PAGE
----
A few days before Christmas in 1786 George Washington received a gift he didn’t want. It was a letter from Virginia’s governor, Edmund Randolph, trying to pry him out of retirement.

The envelope included a copy of an act passed on December 4 by the Virginia general assembly appointing delegates to a convention in Philadelphia for the purpose of revising the federal constitution and the names of seven delegates the legislature had chosen. Washington’s name stood at the top of the list. Randolph explained that the assembly was alarmed by the storms that threatened to bring the American nation to a quick end, as its enemies had predicted. To you I need not press our present dangers, Randolph said. As commander of the army Washington had witnessed the inefficiency of the Continental Congress and could see the steadily increasing langour of our associated republics. Now only those who began, carried on & consummated the revolution could rescue America from the impending ruin. Randolph urged Washington to accept the legislature’s unanimous choice of him as a Virginia delegate to the Philadelphia convention.¹

His appointment was not a complete surprise to Washington. He had tried to head it off in November, after James Madison, a leader of the assembly and former member of the Confederation Congress, warned him that the legislature was going to choose delegates to the convention and that Washington’s name would probably be first on the list. It was out of his power to accept such an appointment, Washington replied. A few weeks earlier—on October 31, 1786—he had notified state chapters of the Society of the Cincinnati that he would not stand for reelection as the society’s president and would not attend its second triennial meeting, which was scheduled to convene in Philadelphia on the first Monday in May—a week before the federal Convention would assemble in the same city. Washington gave the Cincinnati several compelling reasons for his decision: His private affairs had become seriously deranged by his long absence during the war, and they now needed his entire & unremitting attention; he was deeply and unavoidably engaged in a project to open navigation of the great rivers flowing through Virginia; and, after so many years of arduous service, he yearned for retirement & relaxation from public cares. Moreover, his health was not good: He had recently suffered a violent attack of fever & ague, succeeded by rheumatick pains such as he had never before experienced. How then could he pick up and go to the federal Convention without offending a very respectable & deserving part of the Community—the late officers of the American Army, who made up the Society of the Cincinnati?²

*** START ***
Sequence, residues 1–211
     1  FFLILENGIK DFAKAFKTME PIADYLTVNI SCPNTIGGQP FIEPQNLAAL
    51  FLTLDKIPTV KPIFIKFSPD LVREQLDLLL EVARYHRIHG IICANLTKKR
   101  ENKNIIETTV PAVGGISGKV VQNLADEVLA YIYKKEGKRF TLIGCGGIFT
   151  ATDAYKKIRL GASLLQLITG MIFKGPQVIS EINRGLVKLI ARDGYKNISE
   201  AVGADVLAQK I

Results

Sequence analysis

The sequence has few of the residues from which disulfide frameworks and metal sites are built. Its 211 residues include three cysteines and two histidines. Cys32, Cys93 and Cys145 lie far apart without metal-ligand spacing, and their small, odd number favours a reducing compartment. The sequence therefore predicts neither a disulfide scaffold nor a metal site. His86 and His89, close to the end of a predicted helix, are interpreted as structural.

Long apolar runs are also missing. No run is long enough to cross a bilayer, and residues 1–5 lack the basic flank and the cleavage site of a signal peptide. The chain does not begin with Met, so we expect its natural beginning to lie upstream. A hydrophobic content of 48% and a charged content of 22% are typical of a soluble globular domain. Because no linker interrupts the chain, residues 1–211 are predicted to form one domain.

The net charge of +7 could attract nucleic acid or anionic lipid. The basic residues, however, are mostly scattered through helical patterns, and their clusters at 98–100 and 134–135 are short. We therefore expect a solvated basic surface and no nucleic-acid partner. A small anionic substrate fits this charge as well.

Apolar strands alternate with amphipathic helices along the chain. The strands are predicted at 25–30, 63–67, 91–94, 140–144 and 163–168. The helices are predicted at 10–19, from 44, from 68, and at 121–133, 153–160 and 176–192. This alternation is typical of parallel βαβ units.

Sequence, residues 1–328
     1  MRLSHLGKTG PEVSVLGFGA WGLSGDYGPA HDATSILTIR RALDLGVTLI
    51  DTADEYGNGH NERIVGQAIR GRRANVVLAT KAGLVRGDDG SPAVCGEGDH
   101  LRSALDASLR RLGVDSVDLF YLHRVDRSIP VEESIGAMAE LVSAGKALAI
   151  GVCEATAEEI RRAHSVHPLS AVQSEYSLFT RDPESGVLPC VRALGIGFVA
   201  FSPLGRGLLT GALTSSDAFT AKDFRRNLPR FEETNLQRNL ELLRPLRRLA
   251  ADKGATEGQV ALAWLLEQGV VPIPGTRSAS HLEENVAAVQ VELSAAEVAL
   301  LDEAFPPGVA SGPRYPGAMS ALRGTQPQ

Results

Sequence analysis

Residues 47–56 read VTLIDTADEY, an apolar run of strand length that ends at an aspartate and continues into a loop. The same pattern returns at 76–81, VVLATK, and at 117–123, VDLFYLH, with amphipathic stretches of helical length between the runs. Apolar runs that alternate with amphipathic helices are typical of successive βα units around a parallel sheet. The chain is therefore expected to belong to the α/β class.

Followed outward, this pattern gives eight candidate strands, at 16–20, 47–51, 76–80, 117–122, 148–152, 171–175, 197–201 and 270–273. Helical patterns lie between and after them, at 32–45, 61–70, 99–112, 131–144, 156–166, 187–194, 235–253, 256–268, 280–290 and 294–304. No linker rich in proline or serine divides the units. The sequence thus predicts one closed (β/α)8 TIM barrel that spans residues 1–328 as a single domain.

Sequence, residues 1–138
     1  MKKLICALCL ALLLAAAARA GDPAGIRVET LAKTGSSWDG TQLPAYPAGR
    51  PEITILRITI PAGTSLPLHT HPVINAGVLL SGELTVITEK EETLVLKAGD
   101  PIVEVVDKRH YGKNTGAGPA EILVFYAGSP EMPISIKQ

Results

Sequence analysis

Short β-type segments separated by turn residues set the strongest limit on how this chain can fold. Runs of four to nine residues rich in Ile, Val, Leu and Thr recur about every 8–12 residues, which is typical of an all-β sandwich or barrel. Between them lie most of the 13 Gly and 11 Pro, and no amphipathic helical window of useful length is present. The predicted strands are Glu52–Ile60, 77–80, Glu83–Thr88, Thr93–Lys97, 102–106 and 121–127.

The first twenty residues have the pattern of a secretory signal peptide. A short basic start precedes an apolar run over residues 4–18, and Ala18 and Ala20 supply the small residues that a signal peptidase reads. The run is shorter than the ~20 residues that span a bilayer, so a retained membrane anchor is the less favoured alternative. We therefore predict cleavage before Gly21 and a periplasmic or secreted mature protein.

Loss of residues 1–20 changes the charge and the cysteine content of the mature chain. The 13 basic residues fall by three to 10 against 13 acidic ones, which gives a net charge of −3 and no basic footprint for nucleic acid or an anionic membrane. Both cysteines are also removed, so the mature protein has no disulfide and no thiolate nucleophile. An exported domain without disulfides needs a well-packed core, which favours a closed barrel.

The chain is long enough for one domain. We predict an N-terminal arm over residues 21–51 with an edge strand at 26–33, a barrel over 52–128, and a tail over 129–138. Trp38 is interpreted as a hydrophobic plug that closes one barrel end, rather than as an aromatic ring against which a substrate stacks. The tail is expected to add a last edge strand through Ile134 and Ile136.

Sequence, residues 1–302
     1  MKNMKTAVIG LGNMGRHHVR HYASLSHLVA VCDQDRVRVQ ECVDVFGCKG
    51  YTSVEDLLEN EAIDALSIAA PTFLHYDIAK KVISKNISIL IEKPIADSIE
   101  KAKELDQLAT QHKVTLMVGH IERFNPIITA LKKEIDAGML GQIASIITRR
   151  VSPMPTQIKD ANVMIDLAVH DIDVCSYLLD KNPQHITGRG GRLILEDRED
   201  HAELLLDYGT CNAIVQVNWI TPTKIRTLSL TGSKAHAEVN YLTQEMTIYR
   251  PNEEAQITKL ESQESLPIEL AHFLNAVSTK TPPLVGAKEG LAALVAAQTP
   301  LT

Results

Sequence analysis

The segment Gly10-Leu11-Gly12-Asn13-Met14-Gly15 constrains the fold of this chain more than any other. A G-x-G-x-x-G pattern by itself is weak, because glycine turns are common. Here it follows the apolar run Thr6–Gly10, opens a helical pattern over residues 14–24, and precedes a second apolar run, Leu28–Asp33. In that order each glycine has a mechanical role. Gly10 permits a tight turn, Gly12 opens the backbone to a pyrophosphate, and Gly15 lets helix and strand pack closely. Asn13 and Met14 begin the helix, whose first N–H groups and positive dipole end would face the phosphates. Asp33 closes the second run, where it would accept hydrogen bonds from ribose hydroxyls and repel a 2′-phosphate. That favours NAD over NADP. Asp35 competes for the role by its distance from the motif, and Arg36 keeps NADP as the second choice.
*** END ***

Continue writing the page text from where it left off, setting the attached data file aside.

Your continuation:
In fact, Washington had another, more pressing reason for backing away from his association with the Cincinnati, which he explained in confidence to Madison. When he had first agreed to head the new society in 1783, he thought of it as a fraternal organization whose main purpose was to take care of officers’ widows and other dependents. Then, to his surprise, a pamphlet by South Carolina’s Aedanus Burke provoked an uproar against the Cincinnati and, above all, its plan to pass membership on to the eldest sons of Revolutionary War officers. Critics such as Burke said that practice would lead to the creation of an hereditary aristocracy, which was totally at odds with the republican system established by the Revolution.³